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Kenya arrests 4 over deadly grenade attacks

Police arrest four, three of whom are minors, for interrogation over grenade attacks on Saturday that killed six and injured 60

AFP , Monday 12 Mar 2012
Kenya
A woman believed to be a relative cradles the head of a young patient injured in a grenade attack at a downtown bus station, at Kenyatta Hospital in Nairobi, Kenya, Saturday, (Photo: AP).
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Kenyan police said on Monday that they arrested four people over weekend grenade attacks in Nairobi that killed six people and which Kenya blames on supporters of Somali Islamist insurgents.

"On the Al-Shabab threats and attacks at the Machakos bus terminus, four highly suspected criminals were arrested and are undergoing intensive interrogation," Nairobi Provincial Police chief Antony Kibuchi said.

Six people were killed and more than 60 wounded when four hand grenades were hurled at a crowd in a bus terminus in the Kenyan capital on Saturday.

The suspects, all of whom are believed to be Kenyan, three of them reportedly minors, were being interrogated by specialised police units, including anti-terrorism officers, a police source said.

The Al-Qaeda allied Shabab has threatened Kenya since it sent its troops into south Somalia in mid-October to attack bases of the insurgents, whom Nairobi accuses of a series of kidnappings and attacks on its territory.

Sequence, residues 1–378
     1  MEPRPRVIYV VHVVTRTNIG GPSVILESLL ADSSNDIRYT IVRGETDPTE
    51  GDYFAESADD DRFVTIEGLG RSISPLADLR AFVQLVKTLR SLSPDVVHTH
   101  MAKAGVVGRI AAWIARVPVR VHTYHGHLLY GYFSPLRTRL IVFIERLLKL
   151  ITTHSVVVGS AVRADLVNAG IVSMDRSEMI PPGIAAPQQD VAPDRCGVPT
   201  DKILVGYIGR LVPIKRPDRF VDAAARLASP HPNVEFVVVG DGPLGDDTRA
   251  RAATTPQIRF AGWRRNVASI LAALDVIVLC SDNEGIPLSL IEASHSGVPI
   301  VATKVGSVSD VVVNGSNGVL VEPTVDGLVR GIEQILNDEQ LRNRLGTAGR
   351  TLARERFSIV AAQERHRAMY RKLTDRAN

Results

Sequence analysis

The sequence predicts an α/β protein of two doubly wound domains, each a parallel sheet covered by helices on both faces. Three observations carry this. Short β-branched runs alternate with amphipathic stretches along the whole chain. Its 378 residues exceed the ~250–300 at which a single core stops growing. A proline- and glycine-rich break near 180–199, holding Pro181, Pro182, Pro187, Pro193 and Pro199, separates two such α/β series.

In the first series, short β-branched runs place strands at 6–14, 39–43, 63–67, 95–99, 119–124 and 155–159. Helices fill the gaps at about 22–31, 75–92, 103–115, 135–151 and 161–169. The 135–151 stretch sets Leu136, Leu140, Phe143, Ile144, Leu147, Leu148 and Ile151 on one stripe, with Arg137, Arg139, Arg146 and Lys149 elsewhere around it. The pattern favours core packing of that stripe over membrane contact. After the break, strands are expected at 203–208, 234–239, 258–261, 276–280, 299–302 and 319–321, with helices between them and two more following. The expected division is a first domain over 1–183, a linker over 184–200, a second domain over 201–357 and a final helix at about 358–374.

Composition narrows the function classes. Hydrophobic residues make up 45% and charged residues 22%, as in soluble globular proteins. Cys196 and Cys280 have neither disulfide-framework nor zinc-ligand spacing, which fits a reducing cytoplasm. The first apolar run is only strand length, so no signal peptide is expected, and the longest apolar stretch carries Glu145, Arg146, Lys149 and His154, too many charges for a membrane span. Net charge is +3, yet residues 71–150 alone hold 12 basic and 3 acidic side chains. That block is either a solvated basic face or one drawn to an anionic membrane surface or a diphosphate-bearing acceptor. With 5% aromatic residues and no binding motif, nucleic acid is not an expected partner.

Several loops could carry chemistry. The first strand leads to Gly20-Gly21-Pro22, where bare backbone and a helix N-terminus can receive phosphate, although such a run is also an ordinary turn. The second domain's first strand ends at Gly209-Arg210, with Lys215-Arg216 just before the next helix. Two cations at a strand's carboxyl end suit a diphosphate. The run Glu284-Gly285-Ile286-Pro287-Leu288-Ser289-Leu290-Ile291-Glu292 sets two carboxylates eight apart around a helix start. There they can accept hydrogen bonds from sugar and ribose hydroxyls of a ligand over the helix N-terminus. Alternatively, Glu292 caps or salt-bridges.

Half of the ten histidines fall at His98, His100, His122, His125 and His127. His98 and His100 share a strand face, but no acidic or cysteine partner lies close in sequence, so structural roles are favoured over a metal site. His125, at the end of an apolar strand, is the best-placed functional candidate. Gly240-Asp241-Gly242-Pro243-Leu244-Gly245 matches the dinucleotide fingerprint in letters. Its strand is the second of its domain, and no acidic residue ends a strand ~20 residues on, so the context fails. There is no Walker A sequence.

One of the men arrested had been on a police wanted list, suspected of having links to Shabab and Kenyan affiliates.

Saturday's attack was the deadliest in Nairobi since one in June 2010, not attributed to Islamists, during a public meeting against the adoption of a new constitution, in which the death toll was also six.

Neither attack came close to the devastating Al-Qaeda car bombing of the US embassy in August 1998 that killed 213 people and injured 5,000.

Forty-two people wounded in Saturday's attacks were still being treated in hospital on Monday, police said.

In Somalia, regional armies are pushing against Shabab positions, with Kenyan forces in the far south, Ethiopian soldiers in the west and African Union forces in Mogadishu made up of troops from Uganda, Burundi and Djibouti.

In retaliation, the Shabab have carried out grenade attacks and abductions in areas near the porous Kenya-Somalia border, killing and wounding several people.

Last October, less than two weeks after the Kenyan army sent troops and tanks into Somalia, two grenade attacks in the space of less than 24 hours killed one person and wounded 30.

The International Crisis Group said in a November report that Nairobi should cool its high hopes of defeating the Shabab, a resilient militia fighting to overthrow the Western-backed government in Somalia.

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